Marilyn Ries June 23, 2019 Service Agreement
Your form agreement should include a provision requiring that the client reasonably cooperates with your company. The client should provide whatever information or assistance the company might need in order to allow it to properly fulfill its obligations under the contract. Without the client’s reasonable cooperation, your company can’t be expected to fully or adequately perform. The client should be responsible for any damages suffered by the company as a result of its misuse or misappropriation of the services.
Both parties should be able to terminate for a material breach that is not cured within a specified period (usually 30 days). It is also common to allow one party to terminate if the other party becomes bankrupt or insolvent. Termination for convenience is more problematic, and may not always be appropriate. If the customer can terminate for convenience, consider whether there should be a cancellation fee to compensate for the loss of the bargain or to at least cover out-of-pocket expenses, or whether the customer forfeits any pre-paid amounts. Finally, clarify what obligations apply on termination – for example, the customer should immediately pay for services performed up to termination for which the service provider has not been paid.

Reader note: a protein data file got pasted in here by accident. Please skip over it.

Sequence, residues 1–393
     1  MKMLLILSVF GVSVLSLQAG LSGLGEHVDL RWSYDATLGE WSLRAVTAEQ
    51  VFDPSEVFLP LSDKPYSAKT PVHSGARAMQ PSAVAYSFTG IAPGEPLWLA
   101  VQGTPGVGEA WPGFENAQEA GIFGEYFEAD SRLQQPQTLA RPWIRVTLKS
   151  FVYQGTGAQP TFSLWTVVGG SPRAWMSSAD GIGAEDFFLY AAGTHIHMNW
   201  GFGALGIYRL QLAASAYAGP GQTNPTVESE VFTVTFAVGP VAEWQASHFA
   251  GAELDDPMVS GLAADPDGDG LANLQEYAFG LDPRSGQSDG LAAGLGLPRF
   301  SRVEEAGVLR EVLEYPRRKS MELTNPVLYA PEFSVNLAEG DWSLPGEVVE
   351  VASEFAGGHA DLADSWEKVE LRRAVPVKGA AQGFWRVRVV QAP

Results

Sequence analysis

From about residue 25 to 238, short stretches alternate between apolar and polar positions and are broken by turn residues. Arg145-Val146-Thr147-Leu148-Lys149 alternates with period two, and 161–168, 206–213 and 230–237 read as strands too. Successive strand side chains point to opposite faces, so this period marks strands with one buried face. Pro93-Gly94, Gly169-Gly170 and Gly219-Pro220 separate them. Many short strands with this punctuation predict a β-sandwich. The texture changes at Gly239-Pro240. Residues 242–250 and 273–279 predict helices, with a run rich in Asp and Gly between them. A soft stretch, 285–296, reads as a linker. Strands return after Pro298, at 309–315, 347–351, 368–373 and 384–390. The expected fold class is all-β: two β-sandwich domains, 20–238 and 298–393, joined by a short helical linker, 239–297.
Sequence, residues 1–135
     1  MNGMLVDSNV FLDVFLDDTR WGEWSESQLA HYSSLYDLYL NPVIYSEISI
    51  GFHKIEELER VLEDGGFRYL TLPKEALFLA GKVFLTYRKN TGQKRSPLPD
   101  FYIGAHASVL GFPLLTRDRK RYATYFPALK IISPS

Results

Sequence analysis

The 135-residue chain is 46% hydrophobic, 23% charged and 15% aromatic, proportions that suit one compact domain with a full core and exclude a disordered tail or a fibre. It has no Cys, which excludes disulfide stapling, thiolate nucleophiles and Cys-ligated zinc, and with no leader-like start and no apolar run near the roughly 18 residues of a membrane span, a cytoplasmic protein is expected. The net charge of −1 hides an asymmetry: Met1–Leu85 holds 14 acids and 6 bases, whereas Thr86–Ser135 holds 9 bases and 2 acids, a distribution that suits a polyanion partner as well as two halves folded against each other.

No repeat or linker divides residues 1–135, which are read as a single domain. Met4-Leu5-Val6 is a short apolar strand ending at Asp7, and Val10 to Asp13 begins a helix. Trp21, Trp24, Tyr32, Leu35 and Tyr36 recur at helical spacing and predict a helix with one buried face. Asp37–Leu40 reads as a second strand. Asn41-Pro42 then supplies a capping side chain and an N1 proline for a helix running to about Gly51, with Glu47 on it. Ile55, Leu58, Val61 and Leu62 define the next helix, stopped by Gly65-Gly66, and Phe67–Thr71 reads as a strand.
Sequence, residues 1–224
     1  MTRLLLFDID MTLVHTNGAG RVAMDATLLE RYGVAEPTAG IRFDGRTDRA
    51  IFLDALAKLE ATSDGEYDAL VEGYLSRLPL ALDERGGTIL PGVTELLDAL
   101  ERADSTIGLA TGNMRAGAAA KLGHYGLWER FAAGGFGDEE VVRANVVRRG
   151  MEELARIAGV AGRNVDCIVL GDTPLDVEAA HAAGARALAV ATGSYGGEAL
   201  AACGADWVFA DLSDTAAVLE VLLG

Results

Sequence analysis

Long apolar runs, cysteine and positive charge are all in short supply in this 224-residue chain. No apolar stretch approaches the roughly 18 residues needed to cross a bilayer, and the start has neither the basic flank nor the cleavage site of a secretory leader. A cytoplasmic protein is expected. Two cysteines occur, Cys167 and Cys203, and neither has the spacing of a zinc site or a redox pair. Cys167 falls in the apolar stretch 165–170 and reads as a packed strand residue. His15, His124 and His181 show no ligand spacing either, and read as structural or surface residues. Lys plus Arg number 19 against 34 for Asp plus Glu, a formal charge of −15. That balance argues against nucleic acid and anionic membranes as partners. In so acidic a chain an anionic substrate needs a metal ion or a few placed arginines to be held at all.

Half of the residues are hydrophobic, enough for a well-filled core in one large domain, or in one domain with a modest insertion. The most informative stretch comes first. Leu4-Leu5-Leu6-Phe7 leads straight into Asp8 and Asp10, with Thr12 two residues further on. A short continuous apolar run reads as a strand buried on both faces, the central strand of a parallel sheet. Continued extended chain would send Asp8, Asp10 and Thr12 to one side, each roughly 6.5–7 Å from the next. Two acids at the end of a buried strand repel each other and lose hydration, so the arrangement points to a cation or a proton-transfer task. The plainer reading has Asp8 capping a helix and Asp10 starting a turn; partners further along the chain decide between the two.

Insurance clauses are not necessarily standard, but they are not unusual. Customers may wish to specify what insurance is required, and in what amounts, for comfort that the service provider can meet its indemnity obligations. If the agreement requires insurance, make sure the specified coverage and amounts are reasonable ($1-2 million general liability and errors and omissions should be sufficient in most circumstances). Review the insurance provisions carefully, and seek feedback from the insurer.
The service agreement should include a statement of work, which identifies the project’s scope and the respective responsibilities of you and your client. Oftentimes, if conflict arises it’s because the scope wasn’t properly defined, which led you and your client to interpret scope differently. Watch out for scope creep!